It’s the kind of epitomic, sunbaked February day in southern California that makes the rest of the country seethe with jealousy, and Jane Seymour is spending it engaged in the sort of summertime activities—wading in her pool-adjacent hot tub that overlooks the Pacific Ocean, sipping on white wine with a lunch of salmon so rosy in color Thomas Keller himself would approve—that make outsiders dismiss Los Angeles as a la-di-da bubble full of self-absorbed creatives obsessed only with their “craft,” their appearances and cold-pressed juice.

They’re sort of right. After all, seated in front of the marquee lights of a vanity mirror in the boudoir of her sweeping Malibu home, Seymour is getting ready for “some Academy thing.” But take away the bay-window view and her pair of lovely Christian Louboutins and I might as well be helping a member of my own family get dressed. Shaking out her tawny mermaid waves, Seymour asks me, “You really think I can go with this ratty-looking hair?” I reach out to muss it a bit more.

She’s padding around barefoot in the very definition of a cocktail dress—short, one-shouldered and cherry-colored—chosen for tonight’s event because “red wakes me up.” Seymour is handling her own everything, expertly smudging a stick of midnight-black kohl around her eyes’ edges, smoothing on concealer, spilling a container of powder along the way. “You think this is too much makeup?” she queries, her British accent softening consonants into such a pleasant hum that it’s more apt to call her voice a purr. “I haven’t done any surgeries or injections or anything. I haven’t done any of it,” she says. “So I still look like ‘me.’ Everyday I’m kind of tempted, but then I look at people I know and I don’t [recognize] them. I’m authentically being me. That’s important to me.”

Truth is, Seymour, who just celebrated her 67th birthday, might now be more fully embodying herself than ever before, nearly 50 years into a career that’s rich with choice roles on stage, film and television. She’s won critical praise, two Golden Globes, one Emmy and our hearts for her portrayals in such vastly different projects as 1981’s East of Eden, the mid-1990s CBS drama Dr. Quinn, Medicine Woman, which ran for six seasons, and 2005’s bro comedy Wedding Crashers.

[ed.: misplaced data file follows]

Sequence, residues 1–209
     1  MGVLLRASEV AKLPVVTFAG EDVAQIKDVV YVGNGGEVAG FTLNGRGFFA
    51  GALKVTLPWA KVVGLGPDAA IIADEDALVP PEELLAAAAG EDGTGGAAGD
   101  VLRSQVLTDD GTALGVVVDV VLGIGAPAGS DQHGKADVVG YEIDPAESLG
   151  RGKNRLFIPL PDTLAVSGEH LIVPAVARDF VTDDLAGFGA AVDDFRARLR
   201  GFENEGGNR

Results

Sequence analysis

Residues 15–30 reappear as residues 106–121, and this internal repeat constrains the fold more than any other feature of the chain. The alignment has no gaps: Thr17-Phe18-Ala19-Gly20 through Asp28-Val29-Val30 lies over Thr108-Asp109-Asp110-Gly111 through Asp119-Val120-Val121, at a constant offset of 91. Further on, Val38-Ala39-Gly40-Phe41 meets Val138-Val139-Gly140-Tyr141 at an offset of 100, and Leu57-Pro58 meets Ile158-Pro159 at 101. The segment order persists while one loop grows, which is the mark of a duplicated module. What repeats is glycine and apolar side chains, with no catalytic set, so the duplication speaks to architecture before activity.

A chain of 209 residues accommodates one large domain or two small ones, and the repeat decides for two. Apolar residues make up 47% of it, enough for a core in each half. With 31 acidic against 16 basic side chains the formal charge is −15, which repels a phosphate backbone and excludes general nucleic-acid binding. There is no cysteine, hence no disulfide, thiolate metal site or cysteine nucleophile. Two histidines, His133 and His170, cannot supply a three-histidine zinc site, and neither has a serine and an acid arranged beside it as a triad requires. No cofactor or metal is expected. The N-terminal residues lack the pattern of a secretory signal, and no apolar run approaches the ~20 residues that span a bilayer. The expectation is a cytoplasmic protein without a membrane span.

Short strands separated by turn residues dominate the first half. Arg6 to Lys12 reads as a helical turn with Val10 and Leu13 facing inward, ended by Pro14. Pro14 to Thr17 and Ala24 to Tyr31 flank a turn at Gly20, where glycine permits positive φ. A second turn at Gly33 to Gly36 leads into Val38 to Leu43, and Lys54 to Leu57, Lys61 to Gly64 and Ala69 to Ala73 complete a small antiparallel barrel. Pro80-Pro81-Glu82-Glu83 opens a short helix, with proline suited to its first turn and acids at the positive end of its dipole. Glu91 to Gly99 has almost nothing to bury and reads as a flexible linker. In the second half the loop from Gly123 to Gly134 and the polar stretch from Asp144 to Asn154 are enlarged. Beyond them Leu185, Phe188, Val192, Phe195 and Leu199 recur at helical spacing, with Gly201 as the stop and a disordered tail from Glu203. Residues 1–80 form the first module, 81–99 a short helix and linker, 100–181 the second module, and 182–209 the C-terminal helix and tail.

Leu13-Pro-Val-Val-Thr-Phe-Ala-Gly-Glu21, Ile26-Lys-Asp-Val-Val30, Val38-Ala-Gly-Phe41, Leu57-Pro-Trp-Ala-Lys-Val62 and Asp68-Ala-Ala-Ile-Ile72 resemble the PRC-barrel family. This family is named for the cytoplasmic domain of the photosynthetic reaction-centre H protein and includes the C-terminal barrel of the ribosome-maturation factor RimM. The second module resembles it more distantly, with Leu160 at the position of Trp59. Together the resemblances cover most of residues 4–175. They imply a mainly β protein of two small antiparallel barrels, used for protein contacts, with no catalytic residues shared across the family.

Her ever-increasing confidence continues to manifest in unexpected ways. Currently, Seymour stars in Pop TV’s ridiculously out-there new sitcom Let’s Get Physical as a “godmother of aerobics.” Following a middle-aged man’s inheritance of his recently deceased father’s gym, Let’s Get Physical has Seymour playing Mom—but an ambitious, physically fit mom who isn’t afraid of Spandex and sweat. In other words, Seymour’s latest role is more than enough of an excuse for the actress to show off her ballet-bred, gym-maintained body. Did I mention she just turned 67?

Today, her self-described “ratty” hair represents the aftermath of being photographed for this profile—her third Playboy pictorial, having appeared in the magazine’s July 1973 and January 1987 issues—wherein she effortly sowed lust in gauzy tops, the fringe of her locks falling just so. The details are in how she wears the clothes, not the clothes themselves. Indeed, Seymour is more of a sex symbol now than she was when she played a Bond girl in 1973’s Live and Let Die, and—go ahead, blast this on Twitter—it’s precisely because of her ability to manage a duality of talent that foolish men often claim is impossible for women to achieve: She is both hot and funny. As her work on Let’s Get Physical proves, she’s hotter and funnier than ever before.

I feel much sexier now than I ever did when I was younger. There’s an enormous freedom in having lived as long as I have.

“I feel much sexier now than I ever did when I was younger. Then, I was like, ‘Oh gosh, I’m supposed to be sexy. What is that?!’” she says, chuckling. “There’s an enormous freedom in having lived as long as I have. Like my father used to say, I’m comfortable in my own skin.”

Despite her protestations, that ease was present as early as 1969, when a teenaged Seymour made her uncredited film debut as a chorus girl in Richard Attenborough’s Oh! What a Lovely War. On set, Maggie Smith, already an Oscar nominee at the time, told Seymour, “You’re not going to be a chorus girl much longer.” The Dame was right. By 1973, she’d secured international fame following Live and Let Die, which grossed more than $100 million globally.

But being a woman in Hollywood pre-Harvey Weinstein was just as, if not more, precarious. As her career gathered steam, Seymour almost became one of its casualties.

As a child, Seymour dreamed of becoming a ballerina. On her first day of school in London, her heart thrummed with excitement when a teacher told her to queue separately. How special she was!, she recalls thinking. But when the school rang her mother, a nurse, and her father, a gynecologist-obstetrician, it was because, school administrators said, their daughter had flat feet, a speech impediment and required remedial classes. Her parents decided to enroll her in ballet classes instead.